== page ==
In conversation with WIWEK

We had a pleasure interviewing an incredibly talented artist WIWEK.

Born in Utrecht, Indian parents, son of a musician. What was it like, growing up in The Netherlands and when did your musical journey start? Most importantly, who or what inspired you to make music?

I loved growing up here, I grew up with 2 brothers and 2 sisters so it’s been a wild ride haha. My musical journey started around the age of 11. My father bought a playstation game for my brothers for Christmas called ‘music 2000’. I ended up playing it the most at a certain point. 

My inspiration came from hearing electronic music for the first time on the radio. Trance became really big early 2000 and I remember hearing a DJ set from Tiesto and it was as u can say a very magical revelation to me. From that day I knew what I was going to be when I grew up. 

You are known as the godfather of jungle terror. Can you explain what it is and its origins?

It started as a way to explain to my friends what I was making, because there was no other way how I could explain it, I felt. I then inserted it as a genre on soundcloud for the music I uploaded. I think when I released the Jungle Terror EP’s it really catched on and it became a definition.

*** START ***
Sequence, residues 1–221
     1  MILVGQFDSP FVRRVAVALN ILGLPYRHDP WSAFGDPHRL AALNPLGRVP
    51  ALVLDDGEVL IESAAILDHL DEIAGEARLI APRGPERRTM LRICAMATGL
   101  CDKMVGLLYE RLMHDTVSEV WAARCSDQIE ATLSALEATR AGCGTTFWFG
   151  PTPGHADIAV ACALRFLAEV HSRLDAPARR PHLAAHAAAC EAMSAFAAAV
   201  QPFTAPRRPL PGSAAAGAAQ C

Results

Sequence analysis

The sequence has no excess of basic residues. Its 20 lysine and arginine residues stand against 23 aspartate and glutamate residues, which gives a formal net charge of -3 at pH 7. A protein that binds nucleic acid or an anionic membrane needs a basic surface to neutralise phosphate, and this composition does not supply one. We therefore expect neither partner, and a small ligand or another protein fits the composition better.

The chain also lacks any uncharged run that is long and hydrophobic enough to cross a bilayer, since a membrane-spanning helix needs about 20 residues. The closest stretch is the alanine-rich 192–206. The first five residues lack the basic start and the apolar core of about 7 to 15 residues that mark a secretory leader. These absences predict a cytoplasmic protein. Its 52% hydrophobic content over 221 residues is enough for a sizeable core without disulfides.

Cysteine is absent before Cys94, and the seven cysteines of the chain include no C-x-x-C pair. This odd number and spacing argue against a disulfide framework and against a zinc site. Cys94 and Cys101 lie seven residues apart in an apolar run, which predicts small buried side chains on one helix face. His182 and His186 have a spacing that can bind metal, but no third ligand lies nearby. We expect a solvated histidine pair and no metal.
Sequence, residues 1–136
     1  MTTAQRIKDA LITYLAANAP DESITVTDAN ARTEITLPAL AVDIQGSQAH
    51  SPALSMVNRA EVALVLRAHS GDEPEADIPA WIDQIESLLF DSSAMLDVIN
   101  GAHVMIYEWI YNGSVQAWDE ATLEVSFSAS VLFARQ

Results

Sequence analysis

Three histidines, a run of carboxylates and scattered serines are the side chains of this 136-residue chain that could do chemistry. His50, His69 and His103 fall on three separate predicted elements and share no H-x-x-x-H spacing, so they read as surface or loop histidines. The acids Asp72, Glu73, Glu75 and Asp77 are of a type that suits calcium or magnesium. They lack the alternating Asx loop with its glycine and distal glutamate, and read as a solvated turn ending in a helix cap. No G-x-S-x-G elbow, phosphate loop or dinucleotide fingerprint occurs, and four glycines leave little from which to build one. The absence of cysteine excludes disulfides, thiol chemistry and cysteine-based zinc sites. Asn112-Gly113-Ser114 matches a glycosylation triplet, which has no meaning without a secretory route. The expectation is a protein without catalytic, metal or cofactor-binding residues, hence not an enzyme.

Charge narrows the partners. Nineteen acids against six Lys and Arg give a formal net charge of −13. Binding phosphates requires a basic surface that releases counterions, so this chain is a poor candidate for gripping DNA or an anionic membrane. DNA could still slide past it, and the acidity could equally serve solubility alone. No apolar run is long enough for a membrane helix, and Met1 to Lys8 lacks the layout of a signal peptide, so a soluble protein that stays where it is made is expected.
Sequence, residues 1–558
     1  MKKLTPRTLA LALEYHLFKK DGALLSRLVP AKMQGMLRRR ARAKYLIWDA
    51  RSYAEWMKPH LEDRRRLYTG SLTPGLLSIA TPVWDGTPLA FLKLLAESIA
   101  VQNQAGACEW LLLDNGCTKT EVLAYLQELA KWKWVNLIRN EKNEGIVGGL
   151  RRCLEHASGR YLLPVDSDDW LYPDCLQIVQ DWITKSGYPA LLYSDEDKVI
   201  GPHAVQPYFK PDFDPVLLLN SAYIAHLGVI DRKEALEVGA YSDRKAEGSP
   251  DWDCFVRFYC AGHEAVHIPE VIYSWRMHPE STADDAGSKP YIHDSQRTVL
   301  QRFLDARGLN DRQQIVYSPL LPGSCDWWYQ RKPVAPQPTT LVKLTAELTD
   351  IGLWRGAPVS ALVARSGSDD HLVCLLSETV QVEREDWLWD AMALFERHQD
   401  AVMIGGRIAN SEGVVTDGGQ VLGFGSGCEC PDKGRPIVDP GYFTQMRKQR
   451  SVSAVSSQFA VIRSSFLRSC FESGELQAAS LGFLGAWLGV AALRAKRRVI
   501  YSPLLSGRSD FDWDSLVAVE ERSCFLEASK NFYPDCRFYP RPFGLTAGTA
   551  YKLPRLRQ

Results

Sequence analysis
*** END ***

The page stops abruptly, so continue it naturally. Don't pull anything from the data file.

How do you approach music production? What type of musical gear do you use? 

For me the bass is very important. When the bass is right where I want it everything else kind of flows with it. I mostly use software and samples. My favorites at the moment are the ones where they sample a certain percussion in all the hits possible and you can create your own percussion pattern like it’s played live. 

Where do you usually get your music samples?

Basically on all the major sample website platforms like Splice and Loopmasters. Occasionally I record own stuff as well. 

You have collaborated with artists like Skrillex, Yellow Claw and Marshmello. How would you describe working with them?

I would say one thing they all had in common is that they worked very fast and instinctively. When something is cool it is cool and you do not change it 200x times. Something I can learn from them because I tend to do that on solo productions.